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Wednesday, 7 July 2010

I have two left feet. Dancing lessons, anyone?

This is reproduced from something I wrote for Clayton Makepeace's Total Package. I thought you might like it

Anyone who buys this rubbish (some fools will, believe me) deserves what they get

Among my favourite politicians is Lord Salisbury, a Prime Minister under Queen Victoria.

A splendidly conservative chap, when anyone suggested change, he would say "Aren’t things bad enough already?" (They don’t make them like Lord Salisbury any more. He was extremely absent-minded. At a dinner party he turned to the man sitting next to him and asked, "Who is that gentleman sitting down there on the right?" "That is your lordship’s eldest son," was the reply.)

But something else he said has long stuck in my mind, "One thing long experience of life has taught me is that you never should trust experts."

I was reminded of this by an e-mail I got a few days ago from a firm claiming they could improve my marketing. Why they singled me out for their tender attentions, I have no idea – but then e-mails are so cheap that people bang them out pretty much at random.

This e-mail was such an excellent vindication of Lord Salisbury’s view that parts are worth analysing. Almost everything about it was wrong. So many things, in fact, that it is almost the perfect guide to what to avoid.

Start with a lousy subject line

If you wish to write a bad e-mail, the subject line is where to start – though I doubt whether many people did in this case, as it read, with soporific calm: "Improve Your Marketing with XXXX Marketing.co.uk."

To be fair, it did mention marketing, rather than garbage disposal, so I guess that told us what they were talking about. 2 out of 10 for that, then.

The e-mail itself was a very neatly laid out HTML design, like a glorified leaflet. So we can assume these marketing experts don’t know cold e-mails should look like text. No doubt they also think the secret of good direct mail is to stick a few leaflets in an envelope.

They addressed me "Hello Drayton Bird" – so I also assume they don’t know that if you want to be personal, use first names alone.

The copy itself was a sort of magical mystery tour through all the dreary marketing clichés you ever came across – and was all written from their standpoint – with little about me.

Don’t try this at home

Here is a sprinkling of stuff to avoid like the plague, starting with:

"We are writing to inform you of XXXX Marketing Co’s exciting new venture."

I have long wondered why anyone should imagine I give so much as a plaintive hoot about their ventures when I find my own so much more fascinating, but we shall let that pass and press on to find:

"As a full service Digital Marketing Agency based in the Midlands, XXXX Marketing.co.uk offers a wide range of Online Marketing and Consultancy Services alongside Digital Marketing Training.

At XXXX Marketing.co.uk we are a team of dedicated Marketing Professionals who always ensure that our clients’ wants and needs are a priority so that we can develop a bespoke strategy that will achieve if not exceed their goals and objectives."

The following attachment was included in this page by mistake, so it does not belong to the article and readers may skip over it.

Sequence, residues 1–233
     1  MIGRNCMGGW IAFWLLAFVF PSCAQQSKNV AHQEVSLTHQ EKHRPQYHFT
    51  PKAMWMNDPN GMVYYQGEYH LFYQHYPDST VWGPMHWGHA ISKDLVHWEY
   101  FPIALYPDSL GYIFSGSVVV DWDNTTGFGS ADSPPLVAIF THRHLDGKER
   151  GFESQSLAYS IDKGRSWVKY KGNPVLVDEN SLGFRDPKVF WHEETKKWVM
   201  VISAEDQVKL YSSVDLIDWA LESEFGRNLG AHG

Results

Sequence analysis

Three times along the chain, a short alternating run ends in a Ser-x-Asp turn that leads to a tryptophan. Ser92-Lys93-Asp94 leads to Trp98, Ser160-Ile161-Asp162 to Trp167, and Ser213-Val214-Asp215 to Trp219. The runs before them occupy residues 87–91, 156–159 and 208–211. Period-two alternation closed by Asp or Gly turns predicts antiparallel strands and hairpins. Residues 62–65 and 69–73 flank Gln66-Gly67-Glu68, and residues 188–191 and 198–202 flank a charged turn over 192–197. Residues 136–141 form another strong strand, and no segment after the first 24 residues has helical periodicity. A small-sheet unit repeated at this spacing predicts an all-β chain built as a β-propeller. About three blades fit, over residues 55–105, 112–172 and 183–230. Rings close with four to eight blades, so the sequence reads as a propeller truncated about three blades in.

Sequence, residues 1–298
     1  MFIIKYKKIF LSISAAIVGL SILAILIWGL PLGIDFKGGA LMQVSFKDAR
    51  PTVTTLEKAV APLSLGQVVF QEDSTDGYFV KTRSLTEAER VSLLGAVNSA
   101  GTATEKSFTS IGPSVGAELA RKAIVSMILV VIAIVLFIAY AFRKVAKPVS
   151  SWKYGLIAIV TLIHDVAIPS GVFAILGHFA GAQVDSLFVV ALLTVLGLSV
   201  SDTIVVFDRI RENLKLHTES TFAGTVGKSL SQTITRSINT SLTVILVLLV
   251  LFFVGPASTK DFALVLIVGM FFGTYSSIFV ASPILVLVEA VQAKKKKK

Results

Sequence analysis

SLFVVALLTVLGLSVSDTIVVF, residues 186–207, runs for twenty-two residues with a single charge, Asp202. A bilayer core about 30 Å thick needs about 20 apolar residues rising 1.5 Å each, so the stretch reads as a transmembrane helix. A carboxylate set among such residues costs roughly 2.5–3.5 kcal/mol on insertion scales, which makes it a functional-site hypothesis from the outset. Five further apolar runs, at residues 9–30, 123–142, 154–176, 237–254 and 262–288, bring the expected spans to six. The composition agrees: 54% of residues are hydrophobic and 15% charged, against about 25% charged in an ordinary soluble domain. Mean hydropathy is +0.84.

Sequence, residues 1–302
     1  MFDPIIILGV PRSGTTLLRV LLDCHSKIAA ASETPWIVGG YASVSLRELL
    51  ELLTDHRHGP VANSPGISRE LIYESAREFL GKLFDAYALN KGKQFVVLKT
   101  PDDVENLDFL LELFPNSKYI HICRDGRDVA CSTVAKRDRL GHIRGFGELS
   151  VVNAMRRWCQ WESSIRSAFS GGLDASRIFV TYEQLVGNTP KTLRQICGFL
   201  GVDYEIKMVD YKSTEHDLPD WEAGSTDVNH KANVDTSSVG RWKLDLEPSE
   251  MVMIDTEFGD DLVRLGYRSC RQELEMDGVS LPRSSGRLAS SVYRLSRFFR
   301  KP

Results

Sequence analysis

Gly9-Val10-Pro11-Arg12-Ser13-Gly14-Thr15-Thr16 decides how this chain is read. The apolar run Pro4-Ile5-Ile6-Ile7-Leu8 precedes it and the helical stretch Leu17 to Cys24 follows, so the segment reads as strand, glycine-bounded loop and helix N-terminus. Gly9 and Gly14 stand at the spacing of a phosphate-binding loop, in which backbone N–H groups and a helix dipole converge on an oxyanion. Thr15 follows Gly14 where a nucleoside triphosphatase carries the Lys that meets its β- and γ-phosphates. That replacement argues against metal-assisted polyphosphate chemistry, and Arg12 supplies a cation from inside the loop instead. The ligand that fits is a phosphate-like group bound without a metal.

It’s almost uncanny how they managed to cram in so much dreary stuff. I guess you could hire a corpse to write something duller than that, but I’m not at all sure of it.

I was delighted to learn – under the heading "Our bespoke marketing services" that "Our Marketing strategies accommodate all types of business, small or large, new or old but all with the same aim in mind, to bring high quality targeted traffic to your website, increase your brand awareness and to bring you the best ROI possible."

But there was more:

Our digital marketing services include SEO, E-mail Marketing, Social Marketing, Online PR, Pay-Per-Click and Affiliate Marketing and by combining these channels we can offer a solution to your every need.

And so it dragged on – page after page of it.

You get the experts you deserve

I thought this sort of thing died out in the late 1940s, but no: it lives on, like a sort of stumbling promotional zombie.

What is saddening and sobering, though, is that this firm, if it persists, will attract clients.

It will do so not because of its dire copy or total ignorance of what works best, nor even the fact that it gets the e and i in "receive" the wrong way round and has no idea of the role of the apostrophe. No: it will succeed for two reasons.

  • Most of the people who buy marketing services haven’t taken the trouble to find out anything about the subject and are gulled by meaningless jargon.
  • If you are selling something people want, even the worst approach will do pretty well – whereas even the best will fail if people don’t want what you offer.

For example, people aren’t that interested in direct mail right now, so no matter how well you sell it, you have a pretty tough job. What they are crying out for is anything to do with the Internet.

In this wonderful world where like cleaves unto like, this firm will get the kind of clients it wants: the kind who are as clueless about what they are doing as the agency.

And they, in turn, will get exactly the kind of agency – and results they deserve.

Rough justice, really.


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